Four Americans have been released from prison in Cuba, where they were being held on charges of drug trafficking and illegal entry into Cuban waters, the State Department said yesterday.

Arriving in Miami last night were Vincent Simone of Highland, N.Y., Robert Bassett of Davie, Fla., Robert Kovick of Fort Lauderdale, Fla., and William Mahaney of Margate, Fla.

"Hello, America," Kovick said after stepping off a chartered jet at the Miami airport. "I never lost hope."

Kovick, looking fit, said he hoped their release would signal "further cooperation with the Cuban government so that the other prisoners can be released."

Dean Fischer, a State Department spokesman, said the four were released through the efforts of three New York congressmen, Democrat Robert Garcia and Republicans Benjamin A. Gilman and Hamilton Fish Jr.

The three congressmen were in Havana earlier this week on what a spokesman in Garcia's office described as a "humanitarian" mission. The arrangements for release of the four Americans was made then.

Fischer said the four had been in prison for less than a year after being "charged and convicted for drug trafficking and illegal entry into Cuban waters." All four men had denied the charges, and authorities said none of them faces charges in the United States.

"The administration was not involved with this," he said. "The men were released as a gesture in response to a request by members of Congress."

Mahaney said his spirits picked up when he met with the congressmen. "We . . . were advised that through their efforts and the World Church Organization that we would be released," he said. "We were told within 48 hours. I knew I would be coming home. It was outstanding the way my family pursued my release."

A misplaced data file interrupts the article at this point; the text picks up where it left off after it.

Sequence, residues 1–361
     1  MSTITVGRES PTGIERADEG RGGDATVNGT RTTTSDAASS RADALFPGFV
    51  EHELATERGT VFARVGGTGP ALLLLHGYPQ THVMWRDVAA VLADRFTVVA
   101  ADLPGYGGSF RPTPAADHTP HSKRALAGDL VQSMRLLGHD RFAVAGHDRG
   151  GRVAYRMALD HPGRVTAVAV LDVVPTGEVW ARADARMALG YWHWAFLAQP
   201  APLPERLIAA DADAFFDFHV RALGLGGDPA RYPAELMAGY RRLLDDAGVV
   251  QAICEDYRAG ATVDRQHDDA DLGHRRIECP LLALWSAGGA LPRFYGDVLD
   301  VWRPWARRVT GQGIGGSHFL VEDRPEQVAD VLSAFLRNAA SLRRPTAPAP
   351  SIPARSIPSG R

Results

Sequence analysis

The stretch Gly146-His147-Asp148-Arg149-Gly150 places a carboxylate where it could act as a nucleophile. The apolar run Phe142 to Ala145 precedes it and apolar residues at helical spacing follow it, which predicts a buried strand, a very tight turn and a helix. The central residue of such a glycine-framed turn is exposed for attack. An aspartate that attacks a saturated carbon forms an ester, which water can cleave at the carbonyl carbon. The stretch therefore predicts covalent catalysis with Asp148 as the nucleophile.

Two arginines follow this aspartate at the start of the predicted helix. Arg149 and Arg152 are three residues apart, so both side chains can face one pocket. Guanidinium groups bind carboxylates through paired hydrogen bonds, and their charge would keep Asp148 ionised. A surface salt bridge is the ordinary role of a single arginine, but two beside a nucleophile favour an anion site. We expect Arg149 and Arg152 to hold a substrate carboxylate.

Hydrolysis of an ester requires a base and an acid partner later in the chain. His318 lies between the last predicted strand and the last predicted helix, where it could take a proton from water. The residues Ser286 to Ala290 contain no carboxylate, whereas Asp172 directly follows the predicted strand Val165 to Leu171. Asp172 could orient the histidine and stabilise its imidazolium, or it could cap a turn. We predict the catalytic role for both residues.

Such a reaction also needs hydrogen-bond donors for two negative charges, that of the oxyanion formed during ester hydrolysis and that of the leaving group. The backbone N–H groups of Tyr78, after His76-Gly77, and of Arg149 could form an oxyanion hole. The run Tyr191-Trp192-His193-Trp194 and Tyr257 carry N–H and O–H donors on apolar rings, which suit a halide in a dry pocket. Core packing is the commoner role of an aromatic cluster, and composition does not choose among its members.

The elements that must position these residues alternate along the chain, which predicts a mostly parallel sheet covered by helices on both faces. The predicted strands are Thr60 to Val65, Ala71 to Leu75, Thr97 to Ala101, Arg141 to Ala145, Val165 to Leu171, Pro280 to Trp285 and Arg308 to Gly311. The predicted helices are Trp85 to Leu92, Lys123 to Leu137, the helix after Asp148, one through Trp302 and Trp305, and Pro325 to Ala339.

Simone and Bassett left with relatives after leaving the plane and did not speak with reporters.

Fischer said the State Department knows of 19 Americans still in prison in Cuba. He said U.S. officials have had consular access to the 13 Americans, out of the 19, who do not hold dual citizenship. He said he didn't know why the Americans were being held.

Before the announcement of the prisoners' release, Garcia said Cuban President Fidel Castro had, at the urging of the congressmen, released Andres Rodriguez Hernandez, who was deported to Cuba Jan. 15 after being denied asylum in the United States. "We personally asked Mr. Castro not to prosecute or persecute this young man. The president assured us his government would be lenient," Garcia said.

Rodriguez was the first Cuban immigrant to be deported to his homeland in 23 years. His deportation sparked protests in Miami's Cuban exile communities. Police used tear gas and arrested 34 people Saturday night.

In an interview with The Miami Herald in his mother's apartment in Havana, Rodriguez said, "I wanted a job and a house and a car."

Rodriguez said he still was confused by what happened after Jan. 9, when he stowed away on a Panamanian freighter bound for Miami.

"Please tell the Cubans in Miami from the bottom of my heart how grateful I am for their support," he said, "but tell them I am home and that I am safe and sound."

"My desire to travel is finished. Not to the United States, not anywhere. I will stay in Cuba, work and study and start my life again. I am only 20."

Rodriguez was returned to Cuba after the State Department ruled he failed to qualify under a 1980 federal law that requires refugees to prove "a well-founded fear of political persecution."

"In Miami at first, I was surprised at how well they received me," he said. "It was Senor Rodriguez this and Senor Rodriguez that and then, like a great blow, it suddenly was Senor Rodriguez back to Havana."

Rodriguez said his astonishment at being freed from jail in Cuba was equal to his surprise at being deported. Cuban authorities Wednesday dropped illegal exit charges that could have sent him to jail for up to four years.